Most doctors agree that if you have had one or more adenomatous polyps removed, you probably need regular follow-up colonoscopy exams every few years. How often you need a colonoscopy may depend on the number and size of the polyps, your age, your health, and other risk factors that you may have for polyps. Talk with your doctor about the follow-up testing schedule that is right for you.
Polyps are removed during screening if you have a colonoscopy. The polyp is examined to find out if it is the kind that could become cancer.
If adenomatous polyps are found during an exam with flexible sigmoidoscopy, a colonoscopy will be done to look for and remove any polyps in the rest of the colon.
The bigger a colon polyp is, especially if it is larger than 1 cm (0.4 in.), the more likely it is that the polyp will be adenomatous or contain cancer cells.
If only hyperplastic polyps are found during your flexible sigmoidoscopy, you likely do not need to have a colonoscopy. These polyps do not become cancerous. In this case you can continue your regular screenings, unless you are at an increased risk for colorectal cancer because of a family history of colorectal cancer or an inherited polyp syndrome.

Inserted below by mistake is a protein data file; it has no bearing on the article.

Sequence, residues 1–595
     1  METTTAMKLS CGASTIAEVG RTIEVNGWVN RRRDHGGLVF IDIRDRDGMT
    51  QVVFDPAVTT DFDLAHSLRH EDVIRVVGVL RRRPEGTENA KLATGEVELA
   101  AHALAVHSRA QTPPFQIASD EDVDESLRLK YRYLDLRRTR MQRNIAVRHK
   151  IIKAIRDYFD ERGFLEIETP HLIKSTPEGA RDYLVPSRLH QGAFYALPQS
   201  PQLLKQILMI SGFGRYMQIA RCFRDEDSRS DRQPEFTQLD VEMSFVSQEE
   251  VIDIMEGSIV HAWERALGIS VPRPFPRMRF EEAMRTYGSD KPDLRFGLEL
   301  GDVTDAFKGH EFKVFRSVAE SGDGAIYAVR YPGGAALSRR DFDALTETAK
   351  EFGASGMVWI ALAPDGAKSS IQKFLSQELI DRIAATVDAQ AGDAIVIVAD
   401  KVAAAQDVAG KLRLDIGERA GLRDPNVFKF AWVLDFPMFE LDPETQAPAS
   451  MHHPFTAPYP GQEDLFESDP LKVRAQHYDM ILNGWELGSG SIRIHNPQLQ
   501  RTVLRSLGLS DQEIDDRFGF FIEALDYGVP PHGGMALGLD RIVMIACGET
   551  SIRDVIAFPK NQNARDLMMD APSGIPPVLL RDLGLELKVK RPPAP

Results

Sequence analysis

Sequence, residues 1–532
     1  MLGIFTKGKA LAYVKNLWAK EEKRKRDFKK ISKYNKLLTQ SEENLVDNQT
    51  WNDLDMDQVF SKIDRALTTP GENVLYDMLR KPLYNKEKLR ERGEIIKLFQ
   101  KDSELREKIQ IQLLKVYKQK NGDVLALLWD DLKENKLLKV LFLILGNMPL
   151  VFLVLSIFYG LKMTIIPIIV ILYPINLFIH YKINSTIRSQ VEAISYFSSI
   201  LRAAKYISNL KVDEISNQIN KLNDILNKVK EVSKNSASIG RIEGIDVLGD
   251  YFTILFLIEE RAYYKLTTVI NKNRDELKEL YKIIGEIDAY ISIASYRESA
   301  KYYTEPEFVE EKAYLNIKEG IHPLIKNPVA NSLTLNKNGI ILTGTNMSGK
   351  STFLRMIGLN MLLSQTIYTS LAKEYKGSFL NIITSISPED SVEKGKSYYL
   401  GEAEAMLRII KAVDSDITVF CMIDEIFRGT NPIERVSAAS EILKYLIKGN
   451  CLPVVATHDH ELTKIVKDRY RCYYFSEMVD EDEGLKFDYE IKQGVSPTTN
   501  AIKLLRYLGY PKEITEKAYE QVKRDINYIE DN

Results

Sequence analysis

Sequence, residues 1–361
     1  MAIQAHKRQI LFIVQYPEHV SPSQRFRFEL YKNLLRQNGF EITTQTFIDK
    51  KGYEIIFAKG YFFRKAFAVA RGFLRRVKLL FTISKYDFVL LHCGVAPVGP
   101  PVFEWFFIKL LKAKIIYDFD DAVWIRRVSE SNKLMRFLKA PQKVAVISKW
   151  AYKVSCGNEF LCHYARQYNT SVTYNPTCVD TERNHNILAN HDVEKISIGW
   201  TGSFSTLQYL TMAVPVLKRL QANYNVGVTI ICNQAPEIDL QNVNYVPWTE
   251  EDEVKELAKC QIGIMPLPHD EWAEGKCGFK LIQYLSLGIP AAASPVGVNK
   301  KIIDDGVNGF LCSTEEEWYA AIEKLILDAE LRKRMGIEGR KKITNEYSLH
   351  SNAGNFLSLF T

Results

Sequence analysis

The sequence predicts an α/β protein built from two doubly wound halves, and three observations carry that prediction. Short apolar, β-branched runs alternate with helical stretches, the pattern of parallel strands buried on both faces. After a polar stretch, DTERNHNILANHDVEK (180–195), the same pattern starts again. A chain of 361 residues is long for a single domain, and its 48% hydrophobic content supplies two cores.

A sessile polyp doesn't have a stalk. It is mostly a flat growth. Like other colon polyps, it grows on the inside wall of the colon. Sessile polyps can turn into cancer. Like other polyps, they are removed if found during sigmoidoscopy or colonoscopy.
Complications from colonoscopy are rare. There is a slight risk of:
Regular screenings for colon polyps are the best way to prevent polyps from developing into colorectal cancer.
Most colon polyps can be identified and removed during a colonoscopy.
If you have had one or more adenomatous polyps removed, you probably need regular follow-up colonoscopy exams every 3 to 5 years. Talk with your doctor about the follow-up schedule that he or she thinks is best for you.
Surgery is sometimes needed for large colon polyps that have a broad area of attachment (sessile polyps) to the colon wall. These large polyps sometimes cannot be removed safely during a colonoscopy and may be more likely to develop into cancer.
If cancer is found when the colon polyps are examined, you will begin treatment for colorectal cancer. For more information, see the topic Colorectal Cancer.
No home treatment is done for colon polyps. See Treatment Overview for more information.
But you can take action that may prevent colon polyps: